Better Living Through Birding

Better Living Through Birding

by Christian Cooper
Genres: Biography & Autobiography / Personal Memoirs
Published on June 13, 2023
Pages: 304
Format: eBook Source: Library

Central Park birder Christian Cooper takes us beyond the viral video that shocked a nation and into a world of avian adventures, global excursions, and the unexpected lessons you can learn from a life spent looking up.

Christian Cooper is a self-described “Blerd” (Black nerd), an avid comics fan and expert birder who devotes every spring to gazing upon the migratory birds that stop to rest in Central Park, just a subway ride away from where he lives in New York City. While in the park one morning in May 2020, Cooper was engaged in the birdwatching ritual that had been a part of his life since he was ten years old when what might have been a routine encounter with a dog walker exploded age-old racial tensions. Cooper’s viral video of the incident would send shock waves through the nation.

In Better Living Through Birding, Cooper tells the story of his extraordinary life leading up to the now-infamous incident in Central Park and shows how a life spent looking up at the birds prepared him, in the most uncanny of ways, to be a gay, Black man in America today. From sharpened senses that work just as well at a protest as in a park to what a bird like the Common Grackle can teach us about self-acceptance, Better Living Through Birding exults in the pleasures of a life lived in pursuit of the natural world and invites you to discover them yourself.

Equal parts memoir, travelogue, and primer on the art of birding, this is Cooper’s story of learning to claim and defend space for himself and others like him, from his days at Marvel Comics introducing the first gay storylines to vivid and life-changing birding expeditions through Africa, Australia, the Americas, and the Himalayas. Better Living Through Birding recounts Cooper’s journey through the wonderful world of birds and what they can teach us about life, if only we would look and listen.

Christian Cooper became instantly famous when he filmed a woman in Central park who refused to put a leash on her dog. Her threat to call the police and tell them that an African-American man was threatening her made the incident go viral.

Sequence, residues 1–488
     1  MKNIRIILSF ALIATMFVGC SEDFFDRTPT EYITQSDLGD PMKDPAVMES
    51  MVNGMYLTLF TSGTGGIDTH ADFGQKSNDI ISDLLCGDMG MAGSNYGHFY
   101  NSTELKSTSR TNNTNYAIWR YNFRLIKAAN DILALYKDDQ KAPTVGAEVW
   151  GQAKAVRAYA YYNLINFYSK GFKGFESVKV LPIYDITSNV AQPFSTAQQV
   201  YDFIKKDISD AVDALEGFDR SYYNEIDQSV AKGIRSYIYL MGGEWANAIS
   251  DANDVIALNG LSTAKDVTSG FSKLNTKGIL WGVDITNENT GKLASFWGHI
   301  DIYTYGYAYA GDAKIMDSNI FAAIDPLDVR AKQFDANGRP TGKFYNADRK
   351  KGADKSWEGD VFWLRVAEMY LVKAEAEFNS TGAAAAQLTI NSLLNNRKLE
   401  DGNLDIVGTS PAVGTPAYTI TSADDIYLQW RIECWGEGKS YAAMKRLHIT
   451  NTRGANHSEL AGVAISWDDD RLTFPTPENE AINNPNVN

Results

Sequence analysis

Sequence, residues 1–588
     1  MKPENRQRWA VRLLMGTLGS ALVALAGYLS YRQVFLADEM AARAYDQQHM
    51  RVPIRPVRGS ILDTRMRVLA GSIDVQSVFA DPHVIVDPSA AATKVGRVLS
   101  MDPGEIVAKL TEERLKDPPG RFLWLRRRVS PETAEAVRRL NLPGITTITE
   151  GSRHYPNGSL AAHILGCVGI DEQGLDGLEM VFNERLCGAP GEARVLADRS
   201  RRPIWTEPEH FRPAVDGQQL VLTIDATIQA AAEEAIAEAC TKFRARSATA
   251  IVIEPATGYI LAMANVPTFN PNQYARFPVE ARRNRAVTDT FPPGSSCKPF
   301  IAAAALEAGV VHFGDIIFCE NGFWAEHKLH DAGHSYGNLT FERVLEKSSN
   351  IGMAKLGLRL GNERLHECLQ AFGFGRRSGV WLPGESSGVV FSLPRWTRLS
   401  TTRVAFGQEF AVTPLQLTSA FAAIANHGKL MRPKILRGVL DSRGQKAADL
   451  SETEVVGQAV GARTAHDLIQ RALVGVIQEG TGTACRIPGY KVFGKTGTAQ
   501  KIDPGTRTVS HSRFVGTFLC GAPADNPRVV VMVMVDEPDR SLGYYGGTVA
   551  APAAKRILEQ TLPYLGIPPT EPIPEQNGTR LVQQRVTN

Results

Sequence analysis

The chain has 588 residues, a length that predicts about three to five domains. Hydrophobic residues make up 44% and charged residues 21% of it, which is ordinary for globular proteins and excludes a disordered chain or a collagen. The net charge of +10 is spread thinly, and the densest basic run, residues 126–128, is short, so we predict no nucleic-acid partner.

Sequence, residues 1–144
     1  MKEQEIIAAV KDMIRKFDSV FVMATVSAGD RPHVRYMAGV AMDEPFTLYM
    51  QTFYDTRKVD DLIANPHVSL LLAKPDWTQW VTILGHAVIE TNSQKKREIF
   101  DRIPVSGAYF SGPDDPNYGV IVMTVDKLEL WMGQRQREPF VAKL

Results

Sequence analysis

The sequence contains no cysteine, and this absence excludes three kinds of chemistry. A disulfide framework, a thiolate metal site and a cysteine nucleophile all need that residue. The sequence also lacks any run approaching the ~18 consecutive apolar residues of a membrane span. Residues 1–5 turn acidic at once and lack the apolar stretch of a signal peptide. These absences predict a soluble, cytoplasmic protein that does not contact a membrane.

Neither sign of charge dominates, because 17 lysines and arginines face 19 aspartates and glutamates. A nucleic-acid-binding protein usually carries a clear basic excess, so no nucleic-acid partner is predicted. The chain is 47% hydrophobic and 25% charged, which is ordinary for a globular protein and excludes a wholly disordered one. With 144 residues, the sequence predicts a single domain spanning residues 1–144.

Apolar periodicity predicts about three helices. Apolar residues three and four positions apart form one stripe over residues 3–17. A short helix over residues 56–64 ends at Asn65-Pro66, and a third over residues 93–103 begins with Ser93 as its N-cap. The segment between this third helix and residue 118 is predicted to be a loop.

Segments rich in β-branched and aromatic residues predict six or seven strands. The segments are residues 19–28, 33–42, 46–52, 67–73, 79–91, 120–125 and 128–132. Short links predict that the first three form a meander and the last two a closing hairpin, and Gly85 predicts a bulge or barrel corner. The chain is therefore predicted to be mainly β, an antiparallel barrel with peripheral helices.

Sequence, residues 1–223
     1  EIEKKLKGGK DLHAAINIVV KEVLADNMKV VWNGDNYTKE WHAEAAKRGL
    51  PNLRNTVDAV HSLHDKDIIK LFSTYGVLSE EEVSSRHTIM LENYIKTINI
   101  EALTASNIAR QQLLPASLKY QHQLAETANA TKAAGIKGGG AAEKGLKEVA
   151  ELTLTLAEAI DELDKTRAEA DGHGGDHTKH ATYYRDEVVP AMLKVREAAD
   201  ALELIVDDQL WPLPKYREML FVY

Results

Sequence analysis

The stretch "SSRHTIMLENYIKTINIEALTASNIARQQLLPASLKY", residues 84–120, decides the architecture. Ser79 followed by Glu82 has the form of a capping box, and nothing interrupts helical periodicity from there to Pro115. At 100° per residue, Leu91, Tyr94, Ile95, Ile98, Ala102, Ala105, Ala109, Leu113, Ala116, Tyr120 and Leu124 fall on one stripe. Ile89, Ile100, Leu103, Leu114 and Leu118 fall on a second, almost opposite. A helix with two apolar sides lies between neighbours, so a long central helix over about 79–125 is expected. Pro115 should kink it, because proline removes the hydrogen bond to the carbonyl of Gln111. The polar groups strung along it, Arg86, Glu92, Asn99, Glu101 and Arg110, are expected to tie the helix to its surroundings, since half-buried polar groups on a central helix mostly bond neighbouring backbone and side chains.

That story is probably one of the least interesting things about Christian Cooper.

He is a gay, Black, nerd who went to Harvard and then worked for Marvel when that was considered to be a dead end job. (His grandmother would tell people that he was still smart when they found out that he worked in comics.) He was an activist who worked with GLAAD when it was founded. He was raised going to civil rights marches. And through it all he was a birder.

This book is part memoir, part travelogue of his birding adventures, part introduction to the world of birding.

He has a TV show now on the National Geographic Channel called Extraordinary Birder. We started watching it online as I was reading this book. You can find it on Hulu and Disney Plus. He is super goofy on the show. He’s a bit more raunchy in this book. (His mental gymnastics to figure out if it was ethical to sleep with a white South African right after the fall of Apartheid are beautiful.) He’s very funny. At one point he was in charge of going through unsolicited submissions for Marvel.

Special mention is reserved for the guy who took the trouble to write, draw, and actually print in finished form a sample issue of his original superhero creation, complete with cover art:

It followed a teen burdened with fantastic powers and his pair of pals in a suburban high school, all of it unremarkable, until they’re menaced in the wrong part of town by glowering thugs. The thugs, of course, were Black; the hero, his friends, in fact everyone else in the story, was white. I desperately wanted to attach a Polaroid of myself to the rejection letter, but I refrained.

Even if you aren’t particularly interested in birds, read this one for the story of growing up different from your community and finding a way to thrive not in spite of it but because of it.